Canada

Critically Insufficient4°C+
World
NDCs with this rating fall well outside of a country’s “fair share” range and are not at all consistent with holding warming to below 2°C let alone with the Paris Agreement’s stronger 1.5°C limit. If all government NDCs were in this range, warming would exceed 4°C. For sectors, the rating indicates that the target is consistent with warming of greater than 4°C if all other sectors were to follow the same approach.
Highly insufficient< 4°C
World
NDCs with this rating fall outside of a country’s “fair share” range and are not at all consistent with holding warming to below 2°C let alone with the Paris Agreement’s stronger 1.5°C limit. If all government NDCs were in this range, warming would reach between 3°C and 4°C. For sectors, the rating indicates that the target is consistent with warming between 3°C and 4°C if all other sectors were to follow the same approach.
Insufficient< 3°C
World
NDCs with this rating are in the least stringent part of a country’s “fair share” range and not consistent with holding warming below 2°C let alone with the Paris Agreement’s stronger 1.5°C limit. If all government NDCs were in this range, warming would reach over 2°C and up to 3°C. For sectors, the rating indicates that the target is consistent with warming over 2°C and up to 3°C if all other sectors were to follow the same approach.
2°C Compatible< 2°C
World
NDCs with this rating are consistent with the 2009 Copenhagen 2°C goal and therefore fall within a country’s “fair share” range, but are not fully consistent with the Paris Agreement long term temperature goal. If all government NDCs were in this range, warming could be held below, but not well below, 2°C and still be too high to be consistent with the Paris Agreement 1.5°C limit. For sectors, the rating indicates that the target is consistent with holding warming below, but not well below, 2°C if all other sectors were to follow the same approach.
1.5°C Paris Agreement Compatible< 1.5°C
World
This rating indicates that a government’s NDCs in the most stringent part of its “fair share” range: it is consistent with the Paris Agreement’s 1.5°C limit. For sectors, the rating indicates that the target is consistent with the Paris Agreement’s 1.5°C limit.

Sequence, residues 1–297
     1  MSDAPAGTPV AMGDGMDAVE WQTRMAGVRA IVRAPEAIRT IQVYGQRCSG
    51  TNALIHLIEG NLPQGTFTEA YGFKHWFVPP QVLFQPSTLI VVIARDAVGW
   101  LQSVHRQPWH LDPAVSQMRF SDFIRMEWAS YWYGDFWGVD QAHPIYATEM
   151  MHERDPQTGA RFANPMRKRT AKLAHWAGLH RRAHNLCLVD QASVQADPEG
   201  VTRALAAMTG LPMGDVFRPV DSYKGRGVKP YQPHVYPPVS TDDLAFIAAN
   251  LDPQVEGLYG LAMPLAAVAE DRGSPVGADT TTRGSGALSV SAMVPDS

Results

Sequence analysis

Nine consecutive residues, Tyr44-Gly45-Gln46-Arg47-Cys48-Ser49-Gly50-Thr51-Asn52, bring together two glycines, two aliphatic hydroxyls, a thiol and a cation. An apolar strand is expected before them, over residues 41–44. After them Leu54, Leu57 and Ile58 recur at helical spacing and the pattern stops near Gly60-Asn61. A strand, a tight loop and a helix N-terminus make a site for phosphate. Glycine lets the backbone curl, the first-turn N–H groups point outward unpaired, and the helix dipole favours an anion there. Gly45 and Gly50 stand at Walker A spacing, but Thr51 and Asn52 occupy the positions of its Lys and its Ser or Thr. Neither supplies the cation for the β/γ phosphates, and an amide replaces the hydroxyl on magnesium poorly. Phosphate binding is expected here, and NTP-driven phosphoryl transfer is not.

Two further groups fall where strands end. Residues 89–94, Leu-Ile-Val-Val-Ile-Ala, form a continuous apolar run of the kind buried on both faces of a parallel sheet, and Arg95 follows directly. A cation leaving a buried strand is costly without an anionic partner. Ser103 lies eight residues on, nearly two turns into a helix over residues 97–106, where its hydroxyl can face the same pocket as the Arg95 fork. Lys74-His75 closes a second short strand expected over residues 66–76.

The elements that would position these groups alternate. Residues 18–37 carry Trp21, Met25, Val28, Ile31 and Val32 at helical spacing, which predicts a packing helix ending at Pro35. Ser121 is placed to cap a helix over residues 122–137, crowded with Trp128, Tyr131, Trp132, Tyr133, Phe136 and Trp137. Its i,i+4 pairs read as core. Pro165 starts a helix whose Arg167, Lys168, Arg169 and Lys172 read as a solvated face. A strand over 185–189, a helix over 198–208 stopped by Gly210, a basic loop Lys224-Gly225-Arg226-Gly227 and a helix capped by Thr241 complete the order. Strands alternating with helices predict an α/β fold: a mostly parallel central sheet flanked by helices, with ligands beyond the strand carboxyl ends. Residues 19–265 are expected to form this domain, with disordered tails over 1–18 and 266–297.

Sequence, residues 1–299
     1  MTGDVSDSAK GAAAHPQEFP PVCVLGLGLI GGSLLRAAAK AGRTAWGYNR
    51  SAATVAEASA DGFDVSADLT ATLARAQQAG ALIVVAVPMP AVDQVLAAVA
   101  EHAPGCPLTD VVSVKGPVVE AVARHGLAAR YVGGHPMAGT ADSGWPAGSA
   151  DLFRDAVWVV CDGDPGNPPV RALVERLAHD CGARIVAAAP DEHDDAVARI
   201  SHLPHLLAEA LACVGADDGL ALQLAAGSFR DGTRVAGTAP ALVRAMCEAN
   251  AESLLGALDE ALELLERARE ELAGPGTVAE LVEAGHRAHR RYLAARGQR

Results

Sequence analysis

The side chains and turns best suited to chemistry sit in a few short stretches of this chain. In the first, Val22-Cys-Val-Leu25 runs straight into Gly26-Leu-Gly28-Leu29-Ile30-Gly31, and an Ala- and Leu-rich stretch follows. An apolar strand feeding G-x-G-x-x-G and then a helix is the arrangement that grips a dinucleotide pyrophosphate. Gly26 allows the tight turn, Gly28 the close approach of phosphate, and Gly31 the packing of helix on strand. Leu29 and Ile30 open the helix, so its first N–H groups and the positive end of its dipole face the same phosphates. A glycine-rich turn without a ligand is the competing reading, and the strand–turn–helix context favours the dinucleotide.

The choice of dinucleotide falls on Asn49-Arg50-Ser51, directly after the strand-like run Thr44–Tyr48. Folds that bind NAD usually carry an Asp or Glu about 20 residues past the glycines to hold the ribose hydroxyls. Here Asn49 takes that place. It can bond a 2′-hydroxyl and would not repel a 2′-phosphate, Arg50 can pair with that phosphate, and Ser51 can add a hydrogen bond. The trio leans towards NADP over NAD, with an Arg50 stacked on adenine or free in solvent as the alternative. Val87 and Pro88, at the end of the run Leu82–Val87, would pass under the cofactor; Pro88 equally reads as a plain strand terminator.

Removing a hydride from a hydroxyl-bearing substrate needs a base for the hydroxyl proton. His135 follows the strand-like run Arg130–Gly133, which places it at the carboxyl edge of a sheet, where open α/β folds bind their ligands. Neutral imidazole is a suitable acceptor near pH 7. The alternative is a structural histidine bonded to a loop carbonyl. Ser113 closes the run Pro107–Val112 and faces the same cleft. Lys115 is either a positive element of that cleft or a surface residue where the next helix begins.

Role model<< 1.5°C
World
This rating indicates that a government’s NDC is more ambitious than what is considered a “fair” contribution: it is more than consistent with the Paris Agreement’s 1.5°C limit. No “role model” rating has been developed for the sectors.

Historical emissions

Historical emissions data were obtained from the UNFCCC GHG inventory and cover the period to 2018 (Government of Canada, 2020a).

NDC and other targets

For the 2020 target, we calculated the target by excluding LULUCF in the base year (2005) before applying the 17% reduction target and then subtracted projected LULUCF accounting contributions for 2020 from the government’s most recent projections (Environment and Climate Change Canada, 2020a).

For the 2030 target, we follow a parallel approach, in which we calculated the target by excluding LULUCF in the base year (2005) before applying the 30% decrease and then subtracted projected LULUCF accounting contributions for 2030 from the government’s most recent projections (Environment and Climate Change Canada, 2020a).

In its 2018 projections, Canada had provided a range of LULUCF contributions for these targets depending on whether harvest levels were high or low (Environment and Climate Change Canada, 2018a). In its latest assessment, Canada only provided one value for each target year, hence why we no longer show the Canadian targets as ranges.